“We don’t really know what the best defence is going to be. We know there’s going to be a lot of viable ones, but we don’t know the best. We’re hoping that the community is going to figure that out for us.”
Also new to Horde 3.0 is a class system. Players will choose between five different classes – Soldier, Sniper, Scout, Heavy and Engineer, and the game has been designed to support diverse team layouts for experienced players. Classes can also be developed in different directions within the course of a match, something which Cleven feels adds a lot of diversity to the mode.
“All the classes have about eleven skill cards. At the beginning you can choose one of them, and at the end of your character’s progression you’ll have picked any five. That means every time that you start up Horde you can pick five of these eleven cards, and you’re going to have to think about the best build for that session.
“That means that as a team you’re also going to have to think about the overall team composition too. Which class is this person bringing, what cards are they picking? When you think of 10 maps, plus 5 classes each with their own 11 skill cards, plus all the places you can put fortifications… The combination of all the possibilities is huge.”
The cards are something Microsoft has tried in a few games such as Forza and Halo. In Gears, card packs can be earned by just playing the games, but players wanting a boost can also buy them with real money. The cards that determine things like class skills are permanent and never go away, but other cards that offer bonuses will be consumable in nature. When asked about what this means for balance, Cleven is pragmatic.
“They can get more cards by using real money to purchase the packs, but we don’t force anybody to do that. You can use in-game currency to buy the packs as well, but if you want you can get more cards by spending real money. That being said, you still have to level up the classes. You can’t buy your way to being the most powerful class – you still have to play the game to unlock the capabilities of each class.”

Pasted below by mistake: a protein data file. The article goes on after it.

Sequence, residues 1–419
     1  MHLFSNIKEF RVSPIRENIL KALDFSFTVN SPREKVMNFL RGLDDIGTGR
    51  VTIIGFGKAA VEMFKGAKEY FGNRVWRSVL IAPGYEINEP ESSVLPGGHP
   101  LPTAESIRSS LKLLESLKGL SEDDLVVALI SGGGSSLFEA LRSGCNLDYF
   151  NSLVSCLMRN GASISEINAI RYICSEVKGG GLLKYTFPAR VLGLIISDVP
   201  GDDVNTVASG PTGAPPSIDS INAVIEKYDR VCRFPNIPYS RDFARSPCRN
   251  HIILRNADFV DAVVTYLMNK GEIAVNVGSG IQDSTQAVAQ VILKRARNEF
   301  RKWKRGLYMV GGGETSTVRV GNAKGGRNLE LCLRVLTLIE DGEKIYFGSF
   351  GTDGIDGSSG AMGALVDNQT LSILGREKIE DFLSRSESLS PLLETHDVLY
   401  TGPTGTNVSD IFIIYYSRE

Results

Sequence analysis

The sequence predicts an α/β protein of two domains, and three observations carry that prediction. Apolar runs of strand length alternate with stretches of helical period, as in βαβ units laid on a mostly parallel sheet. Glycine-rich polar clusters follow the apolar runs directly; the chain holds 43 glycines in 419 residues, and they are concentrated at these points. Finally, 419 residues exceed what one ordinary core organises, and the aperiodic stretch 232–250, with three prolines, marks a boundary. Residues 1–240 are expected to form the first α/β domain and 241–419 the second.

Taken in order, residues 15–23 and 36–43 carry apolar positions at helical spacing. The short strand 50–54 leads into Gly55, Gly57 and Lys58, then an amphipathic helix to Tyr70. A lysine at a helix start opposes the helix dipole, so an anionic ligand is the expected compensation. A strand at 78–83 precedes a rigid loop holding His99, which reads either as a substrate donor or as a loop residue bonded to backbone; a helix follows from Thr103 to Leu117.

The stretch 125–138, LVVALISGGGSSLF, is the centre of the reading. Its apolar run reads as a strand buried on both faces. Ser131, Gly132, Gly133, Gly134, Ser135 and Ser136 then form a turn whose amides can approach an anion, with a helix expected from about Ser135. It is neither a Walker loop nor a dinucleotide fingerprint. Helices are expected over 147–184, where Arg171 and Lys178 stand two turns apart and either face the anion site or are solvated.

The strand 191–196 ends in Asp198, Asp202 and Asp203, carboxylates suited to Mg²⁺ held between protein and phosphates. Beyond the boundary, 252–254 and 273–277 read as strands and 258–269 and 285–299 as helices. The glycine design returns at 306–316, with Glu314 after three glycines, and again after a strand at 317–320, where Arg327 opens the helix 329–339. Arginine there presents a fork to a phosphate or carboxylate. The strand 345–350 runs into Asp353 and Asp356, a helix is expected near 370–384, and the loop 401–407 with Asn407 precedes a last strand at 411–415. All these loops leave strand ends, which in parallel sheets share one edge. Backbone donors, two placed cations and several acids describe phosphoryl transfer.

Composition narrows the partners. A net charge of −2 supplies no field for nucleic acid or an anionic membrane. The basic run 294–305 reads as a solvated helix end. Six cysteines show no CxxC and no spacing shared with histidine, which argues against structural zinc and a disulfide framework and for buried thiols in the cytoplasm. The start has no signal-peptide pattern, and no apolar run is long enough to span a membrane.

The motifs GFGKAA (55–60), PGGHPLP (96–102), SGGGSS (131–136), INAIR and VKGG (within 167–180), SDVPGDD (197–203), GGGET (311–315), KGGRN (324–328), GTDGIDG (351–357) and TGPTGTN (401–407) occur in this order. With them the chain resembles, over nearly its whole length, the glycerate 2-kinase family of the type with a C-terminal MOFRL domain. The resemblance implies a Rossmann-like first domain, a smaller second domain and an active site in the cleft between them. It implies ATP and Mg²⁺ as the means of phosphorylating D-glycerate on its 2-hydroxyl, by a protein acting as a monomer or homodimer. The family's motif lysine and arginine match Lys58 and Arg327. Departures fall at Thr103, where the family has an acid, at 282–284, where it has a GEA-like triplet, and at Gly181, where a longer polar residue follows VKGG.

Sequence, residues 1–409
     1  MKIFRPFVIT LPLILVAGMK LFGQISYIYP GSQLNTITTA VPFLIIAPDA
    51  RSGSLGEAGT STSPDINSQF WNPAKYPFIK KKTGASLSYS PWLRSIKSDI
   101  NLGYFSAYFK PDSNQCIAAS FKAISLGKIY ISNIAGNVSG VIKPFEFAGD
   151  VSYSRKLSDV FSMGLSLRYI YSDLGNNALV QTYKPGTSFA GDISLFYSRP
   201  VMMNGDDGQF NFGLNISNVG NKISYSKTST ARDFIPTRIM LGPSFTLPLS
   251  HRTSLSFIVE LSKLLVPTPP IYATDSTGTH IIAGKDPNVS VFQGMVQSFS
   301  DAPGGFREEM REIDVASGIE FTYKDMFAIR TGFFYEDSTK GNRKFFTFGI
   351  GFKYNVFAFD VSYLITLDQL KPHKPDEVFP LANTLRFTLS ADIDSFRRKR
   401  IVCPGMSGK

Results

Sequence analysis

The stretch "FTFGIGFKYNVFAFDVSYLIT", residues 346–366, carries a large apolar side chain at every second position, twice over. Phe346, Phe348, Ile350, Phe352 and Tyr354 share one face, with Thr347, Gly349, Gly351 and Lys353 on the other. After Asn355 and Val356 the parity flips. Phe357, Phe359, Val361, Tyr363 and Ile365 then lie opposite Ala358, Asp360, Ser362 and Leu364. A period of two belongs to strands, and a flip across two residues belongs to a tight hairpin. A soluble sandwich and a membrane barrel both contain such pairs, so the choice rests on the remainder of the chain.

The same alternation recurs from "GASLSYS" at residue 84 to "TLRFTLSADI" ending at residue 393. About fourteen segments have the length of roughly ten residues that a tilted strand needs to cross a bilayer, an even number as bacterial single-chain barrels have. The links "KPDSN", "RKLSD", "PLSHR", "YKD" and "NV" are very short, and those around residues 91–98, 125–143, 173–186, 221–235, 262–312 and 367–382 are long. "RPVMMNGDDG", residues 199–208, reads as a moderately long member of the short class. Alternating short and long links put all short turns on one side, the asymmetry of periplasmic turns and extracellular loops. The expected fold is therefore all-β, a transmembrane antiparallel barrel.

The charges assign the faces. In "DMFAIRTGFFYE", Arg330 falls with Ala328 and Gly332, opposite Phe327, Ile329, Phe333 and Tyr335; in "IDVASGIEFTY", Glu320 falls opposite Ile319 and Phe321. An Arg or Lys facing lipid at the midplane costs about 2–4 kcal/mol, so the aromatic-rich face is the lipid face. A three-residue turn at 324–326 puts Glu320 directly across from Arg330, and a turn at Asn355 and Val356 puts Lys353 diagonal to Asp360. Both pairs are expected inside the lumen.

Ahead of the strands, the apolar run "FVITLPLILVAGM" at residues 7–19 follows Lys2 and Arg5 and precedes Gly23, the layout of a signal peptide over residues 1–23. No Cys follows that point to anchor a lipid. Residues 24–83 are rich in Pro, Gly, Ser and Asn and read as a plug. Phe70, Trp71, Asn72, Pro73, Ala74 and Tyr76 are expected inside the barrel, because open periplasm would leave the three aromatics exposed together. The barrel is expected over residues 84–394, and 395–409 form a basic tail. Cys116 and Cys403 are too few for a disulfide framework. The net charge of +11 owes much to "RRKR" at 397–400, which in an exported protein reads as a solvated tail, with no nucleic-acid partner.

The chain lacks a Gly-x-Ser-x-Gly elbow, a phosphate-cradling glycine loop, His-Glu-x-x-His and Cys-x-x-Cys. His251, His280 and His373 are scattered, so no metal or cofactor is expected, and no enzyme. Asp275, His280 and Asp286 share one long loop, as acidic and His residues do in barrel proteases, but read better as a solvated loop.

The final big new addition for Horde 3.0 comes in the form of its enemies – because as touched on in one of the earlier quotes, Gears of War 4 features an all-new set of enemies that’s quite distinct from the Locust. This obviously has a big impact on single-player encounters, but the two new races of enemy and the iterations thereof come packing abilities that the Coalition hope will challenge even the most seasoned Gears players to think about Horde in a different way.
“There’s still the core of cover based shooting, so you’ve got the drones that have assault rifle type weapons and you’re still going to shoot them from cover and have that sort of exchange, and that’s sort of the fundamentals of Gears, but Gears of War 4 has some really cool, unique units that offer a different kind of play,” Cleven says.
“We’re really excited to see what people think. It’s definitely a different challenge and a deeper one than ever before.”
“The new Pouncer is sort of a hybrid unit that we’ve developed – it’s had a unique impact on Horde. What it can do is shoot you from afar, but if you’re taking cover it can jump towards you and if it knocks you down it’ll knock you down and pin you. We’ve never had that sort of jumping, leaping enemy that can get through defences.
“The Juvies run really quickly and can jump off and over walls, which means it isn’t just about setting up the barriers and killing everything at the barriers – you’re going to have to be prepared to use a little bit of verticality. That leads into the new flying units we’ve got – those are very different units to what we’ve seen before in Gears of War. These are big, heavy flying units.
“You’re going to have to manage the ground, you’re going to have to manage the air, and you’re going to be fighting both DeeBees and the Swarm at the same time. Each army has a slightly different character to it too… the DeeBees tend to be a little more marching and put a lot of constant pressure on you, while the Swarm have a lot more big units.
“We’re really excited to see what people think – we think it’s definitely a different challenge and a deeper one than ever before.”
Gears of War 4 will be released on October 11, 2016 for Windows 10 PC and Xbox One.